Senapati: The pictorial Tingsong village in Manipur’s Senapati district has the potential of growth in agriculture sector due to the thickly-covered forested areas and its favourable climatic-condition.
This mountainous and remote village lies at a distance of around 90 km from its district headquarters and over 100 km from Imphal along the Mao-Maram tehsil. However, despite its distance from the city, Tingsong village is highly acclaimed for producing the highest number of rice beans, a family of legume, in the state.
Locals claimed that the village could produce 2,000 tins’ of rice beans grown on a high range of hills annually and largely distributed across the state.
The village is pre-dominantly occupied by the Tangkhul and Poumai Naga communities having overall households of around 300 with a population of 1,377 as per the 2011 census.
Stephen, a local farmer, was on his way to attend the paddy fieldwork when inquired about the number of tins a family could harvest in a year.
“Every family residing in the village are engaged in paddy works. However, to support our children’s education and attend our family needs, we also invest our time for rice beans farming,” said Stephen.
As informed by Stephen, each household in the village could harvest minimum 40 to 50 tins and maximum 3,600 to 5000 kg of rice beans in a year and sell it for Rs 60 per kg.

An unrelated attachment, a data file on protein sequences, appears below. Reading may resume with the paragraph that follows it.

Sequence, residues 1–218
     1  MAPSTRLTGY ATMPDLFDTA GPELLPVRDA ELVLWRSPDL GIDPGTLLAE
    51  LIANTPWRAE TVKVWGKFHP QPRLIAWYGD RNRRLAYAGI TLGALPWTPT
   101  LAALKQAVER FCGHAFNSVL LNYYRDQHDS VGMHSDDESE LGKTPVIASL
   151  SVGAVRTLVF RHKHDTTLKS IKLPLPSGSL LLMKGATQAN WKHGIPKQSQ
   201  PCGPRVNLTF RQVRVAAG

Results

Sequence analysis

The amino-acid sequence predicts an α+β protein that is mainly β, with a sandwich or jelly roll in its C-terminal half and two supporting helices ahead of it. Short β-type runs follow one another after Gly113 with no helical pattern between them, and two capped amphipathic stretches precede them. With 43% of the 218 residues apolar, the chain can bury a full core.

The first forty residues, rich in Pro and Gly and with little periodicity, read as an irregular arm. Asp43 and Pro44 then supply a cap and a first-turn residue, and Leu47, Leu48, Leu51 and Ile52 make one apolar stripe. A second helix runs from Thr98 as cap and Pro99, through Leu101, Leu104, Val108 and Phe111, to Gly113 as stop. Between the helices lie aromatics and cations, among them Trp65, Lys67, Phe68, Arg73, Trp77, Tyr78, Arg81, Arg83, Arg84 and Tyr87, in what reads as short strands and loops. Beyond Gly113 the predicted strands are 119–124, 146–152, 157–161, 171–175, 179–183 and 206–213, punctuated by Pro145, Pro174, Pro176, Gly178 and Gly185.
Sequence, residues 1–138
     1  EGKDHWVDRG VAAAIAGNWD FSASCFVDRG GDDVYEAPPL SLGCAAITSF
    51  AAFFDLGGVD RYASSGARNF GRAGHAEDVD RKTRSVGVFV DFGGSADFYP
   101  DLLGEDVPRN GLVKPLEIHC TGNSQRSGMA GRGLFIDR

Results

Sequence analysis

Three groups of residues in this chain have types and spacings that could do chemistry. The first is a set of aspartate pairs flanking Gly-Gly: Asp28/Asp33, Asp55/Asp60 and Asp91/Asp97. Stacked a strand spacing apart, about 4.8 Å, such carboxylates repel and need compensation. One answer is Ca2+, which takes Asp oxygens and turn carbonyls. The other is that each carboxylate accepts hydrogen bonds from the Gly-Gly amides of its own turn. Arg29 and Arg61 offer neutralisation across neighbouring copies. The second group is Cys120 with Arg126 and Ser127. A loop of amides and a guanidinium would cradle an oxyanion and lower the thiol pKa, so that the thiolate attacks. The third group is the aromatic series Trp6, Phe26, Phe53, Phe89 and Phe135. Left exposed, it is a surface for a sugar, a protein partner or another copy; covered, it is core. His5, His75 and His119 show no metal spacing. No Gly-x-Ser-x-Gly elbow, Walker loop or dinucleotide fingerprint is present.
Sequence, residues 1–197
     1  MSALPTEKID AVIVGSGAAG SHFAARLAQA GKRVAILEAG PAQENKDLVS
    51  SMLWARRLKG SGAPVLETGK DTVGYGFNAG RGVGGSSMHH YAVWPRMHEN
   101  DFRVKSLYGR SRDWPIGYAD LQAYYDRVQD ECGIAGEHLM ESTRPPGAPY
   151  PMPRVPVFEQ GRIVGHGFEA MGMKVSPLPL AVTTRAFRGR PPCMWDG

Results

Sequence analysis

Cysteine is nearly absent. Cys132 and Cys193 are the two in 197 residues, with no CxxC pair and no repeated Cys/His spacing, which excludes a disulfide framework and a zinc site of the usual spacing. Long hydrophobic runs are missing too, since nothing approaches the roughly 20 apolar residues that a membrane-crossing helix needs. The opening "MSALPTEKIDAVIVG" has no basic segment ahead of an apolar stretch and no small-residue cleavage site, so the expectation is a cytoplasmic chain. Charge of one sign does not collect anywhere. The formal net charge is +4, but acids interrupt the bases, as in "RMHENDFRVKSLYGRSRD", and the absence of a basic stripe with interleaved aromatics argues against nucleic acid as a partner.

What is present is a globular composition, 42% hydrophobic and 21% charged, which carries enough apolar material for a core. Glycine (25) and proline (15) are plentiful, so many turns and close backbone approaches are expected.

Apart from being engaged in the traditional farming system, sustainable farming is widely practised by the villagers as their main source of income and farming of the hardy crops topped the list.
“Despite staying a far distance from the town, our life is much better now with the recent road connectivity. Earlier, it was very difficult for a livelihood since we couldn’t generate income from the resources we get here due to no proper roads,” Thanmila, mother of eight beamingly said.
Locally known as ‘Theirathei’ in Tangkhul and ‘Chakhawai’ in Manipuri, this legume family crop is one among the versatile staple and non-meat protein diet, filing the plates and bellies of many people in the state, especially in the hill areas.
Also, brimming with high in fibre and nutritional goodness, this delicious and sustainable crop ‘Theirathei’ comes with an assortment of colours in white, black and grey.
This cash crop normally planted during the rice plantation season between May to June and harvest in November and December.
With increasing demands from different parts of the state, the placid Tingsong village is now on the map of the state’s economy.